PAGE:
Here are two links to big recent articles on TV topics I can’t seem to get enough of:
– Joe Adalian has a long piece for New York magazine about what’s going on with AMC. It’s mostly about money, and trying to run a prestige network without an HBO type of budget (or many of HBO’s options for making back the money on its shows). I should add, having piled on AMC, that they will turn this around if they happen to come up with a new show that is a gigantic critical success. If The Killing had been good – or at least if it had lived up to the promise of its pilot – there would not have been the same sense that the network didn’t have a plan. So if Hell On Wheels takes off, it will instantly restore a lot of the network’s reputation and goodwill. Whether a network can afford to run on reputation and goodwill is another question. These things fluctuate wildly, which is one of the reasons why quality is not, in itself, a business plan.
– Gerard Gilbert writes for The Independent about the state of the sitcom in the UK, and the tensions between the various types of sitcoms being made: the Gervais-style mockumentary, the deliberate throwbacks to the ’70s (Miranda, Mrs. Brown’s Boys) and many gradations in between. A lot of these issues are similar to the issues in the U.S., including a sense of – arguably misplaced – nostalgia for a time when there were really massive hit sitcoms that were also critically acclaimed, as well as the increasing questions about what defines a sitcom and whether the term is even useful.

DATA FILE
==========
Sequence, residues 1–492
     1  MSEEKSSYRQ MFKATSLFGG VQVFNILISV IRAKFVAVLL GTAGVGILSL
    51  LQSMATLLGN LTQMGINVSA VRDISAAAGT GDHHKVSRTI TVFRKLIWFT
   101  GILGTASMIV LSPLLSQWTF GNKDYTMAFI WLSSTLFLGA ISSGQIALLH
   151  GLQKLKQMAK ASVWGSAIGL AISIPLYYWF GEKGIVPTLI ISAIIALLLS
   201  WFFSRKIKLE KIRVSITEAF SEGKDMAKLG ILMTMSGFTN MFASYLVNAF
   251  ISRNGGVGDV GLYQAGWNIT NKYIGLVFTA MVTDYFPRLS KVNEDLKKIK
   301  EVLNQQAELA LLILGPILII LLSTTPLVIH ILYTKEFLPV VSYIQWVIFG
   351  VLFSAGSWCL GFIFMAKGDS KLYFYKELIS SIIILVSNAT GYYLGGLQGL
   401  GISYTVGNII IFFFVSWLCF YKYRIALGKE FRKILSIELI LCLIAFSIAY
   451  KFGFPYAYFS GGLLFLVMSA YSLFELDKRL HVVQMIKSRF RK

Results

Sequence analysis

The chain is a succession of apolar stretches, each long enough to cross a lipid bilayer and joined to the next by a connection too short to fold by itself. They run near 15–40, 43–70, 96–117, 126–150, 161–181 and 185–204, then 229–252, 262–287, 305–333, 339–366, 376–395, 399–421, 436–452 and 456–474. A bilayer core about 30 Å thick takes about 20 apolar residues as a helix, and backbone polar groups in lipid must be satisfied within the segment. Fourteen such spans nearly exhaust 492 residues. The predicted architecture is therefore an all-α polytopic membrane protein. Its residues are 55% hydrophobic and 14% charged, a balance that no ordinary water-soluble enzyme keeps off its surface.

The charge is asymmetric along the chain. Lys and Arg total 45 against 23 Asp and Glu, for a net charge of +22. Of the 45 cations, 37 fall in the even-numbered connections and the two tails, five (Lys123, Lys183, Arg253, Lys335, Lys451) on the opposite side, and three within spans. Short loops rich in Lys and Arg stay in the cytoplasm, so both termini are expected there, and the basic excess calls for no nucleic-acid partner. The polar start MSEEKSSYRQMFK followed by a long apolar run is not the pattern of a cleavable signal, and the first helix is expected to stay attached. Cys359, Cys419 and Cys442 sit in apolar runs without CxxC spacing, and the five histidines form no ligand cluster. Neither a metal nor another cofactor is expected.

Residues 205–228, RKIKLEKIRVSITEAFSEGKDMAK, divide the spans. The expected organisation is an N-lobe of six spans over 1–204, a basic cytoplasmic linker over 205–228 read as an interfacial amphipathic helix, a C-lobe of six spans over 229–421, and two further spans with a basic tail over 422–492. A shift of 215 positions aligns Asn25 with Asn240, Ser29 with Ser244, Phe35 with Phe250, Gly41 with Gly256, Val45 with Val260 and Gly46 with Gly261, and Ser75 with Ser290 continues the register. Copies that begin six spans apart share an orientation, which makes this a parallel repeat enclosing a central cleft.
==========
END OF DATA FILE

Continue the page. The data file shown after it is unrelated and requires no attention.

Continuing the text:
The way they discuss these issues in the UK, as I’ve said, strikes me as very healthy, since the participants in these articles seem to be very aware of how much form dictates content in TV. In the U.S. you’ll often hear network executives talking (perhaps they have to) about very different types of sitcoms as though they are interchangeable shows with interchangeable audiences, or that the form doesn’t matter because “funny is funny.” That’s how you get a situation where Happy Endings is going to be the next Friends, or a network decides there’s no reason people wouldn’t want to watch Whitney after The Office. The UK sometimes seems to display a greater understanding of what each format (single-camera, audience, mockumentary, or hybrids of different approaches like I’m Alan Partridge) brings to the table. Though I admit that I’m looking at that from a distance; close-up, the comedy programming decisions may make just as little sense as they sometimes do in the States or Canada.